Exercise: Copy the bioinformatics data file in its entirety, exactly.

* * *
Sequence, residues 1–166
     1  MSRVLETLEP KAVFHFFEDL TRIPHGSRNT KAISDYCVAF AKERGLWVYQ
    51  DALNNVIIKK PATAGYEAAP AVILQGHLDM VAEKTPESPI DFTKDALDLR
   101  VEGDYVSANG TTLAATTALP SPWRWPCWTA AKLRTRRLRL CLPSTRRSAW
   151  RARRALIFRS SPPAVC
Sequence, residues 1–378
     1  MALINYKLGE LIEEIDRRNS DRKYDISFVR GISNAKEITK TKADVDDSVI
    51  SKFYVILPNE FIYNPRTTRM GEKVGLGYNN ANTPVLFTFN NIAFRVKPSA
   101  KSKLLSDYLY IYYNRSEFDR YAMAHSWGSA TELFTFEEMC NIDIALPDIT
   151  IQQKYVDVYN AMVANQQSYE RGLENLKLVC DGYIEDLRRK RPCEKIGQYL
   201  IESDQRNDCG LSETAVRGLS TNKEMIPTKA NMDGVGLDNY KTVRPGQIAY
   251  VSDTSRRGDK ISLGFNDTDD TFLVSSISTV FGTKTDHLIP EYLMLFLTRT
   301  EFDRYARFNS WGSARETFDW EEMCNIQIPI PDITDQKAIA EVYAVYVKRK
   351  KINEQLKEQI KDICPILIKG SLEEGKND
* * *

Sequence, residues 1–166
     1  MSRVLETLEP KAVFHFFEDL TRIPHGSRNT KAISDYCVAF AKERGLWVYQ
    51  DALNNVIIKK PATAGYEAAP AVILQGHLDM VAEKTPESPI DFTKDALDLR
   101  VEGDYVSANG TTLAATTALP SPWRWPCWTA AKLRTRRLRL CLPSTRRSAW
   151  RARRALIFRS SPPAVC
Sequence, residues 1–378
     1  MALINYKLGE LIEEIDRRNS DRKYDISFVR GISNAKEITK TKADVDDSVI
    51  SKFYVILPNE FIYNPRTTRM GEKVGLGYNN ANTPVLFTFN NIAFRVKPSA
   101  KSKLLSDYLY IYYNRSEFDR YAMAHSWGSA TELFTFEEMC NIDIALPDIT
   151  IQQKYVDVYN AMVANQQSYE RGLENLKLVC DGYIEDLRRK RPCEKIGQYL
   201  IESDQRNDCG LSETAVRGLS TNKEMIPTKA NMDGVGLDNY KTVRPGQIAY
   251  VSDTSRRGDK ISLGFNDTDD TFLVSSISTV FGTKTDHLIP EYLMLFLTRT
   301  EFDRYARFNS WGSARETFDW EEMCNIQIPI PDITDQKAIA EVYAVYVKRK
   351  KINEQLKEQI KDICPILIKG SLEEGKND